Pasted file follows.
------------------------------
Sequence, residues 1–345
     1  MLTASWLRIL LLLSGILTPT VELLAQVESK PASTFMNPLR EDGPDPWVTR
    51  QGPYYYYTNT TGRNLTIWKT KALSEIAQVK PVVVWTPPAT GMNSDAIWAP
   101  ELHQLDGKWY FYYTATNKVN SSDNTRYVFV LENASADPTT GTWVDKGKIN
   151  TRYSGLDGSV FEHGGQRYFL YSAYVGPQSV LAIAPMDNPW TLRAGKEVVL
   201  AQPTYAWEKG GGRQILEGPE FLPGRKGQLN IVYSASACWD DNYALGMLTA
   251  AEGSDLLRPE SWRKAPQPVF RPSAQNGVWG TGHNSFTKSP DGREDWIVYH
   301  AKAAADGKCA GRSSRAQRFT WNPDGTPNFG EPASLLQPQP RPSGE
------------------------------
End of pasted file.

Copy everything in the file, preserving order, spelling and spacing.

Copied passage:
Sequence, residues 1–345
     1  MLTASWLRIL LLLSGILTPT VELLAQVESK PASTFMNPLR EDGPDPWVTR
    51  QGPYYYYTNT TGRNLTIWKT KALSEIAQVK PVVVWTPPAT GMNSDAIWAP
   101  ELHQLDGKWY FYYTATNKVN SSDNTRYVFV LENASADPTT GTWVDKGKIN
   151  TRYSGLDGSV FEHGGQRYFL YSAYVGPQSV LAIAPMDNPW TLRAGKEVVL
   201  AQPTYAWEKG GGRQILEGPE FLPGRKGQLN IVYSASACWD DNYALGMLTA
   251  AEGSDLLRPE SWRKAPQPVF RPSAQNGVWG TGHNSFTKSP DGREDWIVYH
   301  AKAAADGKCA GRSSRAQRFT WNPDGTPNFG EPASLLQPQP RPSGE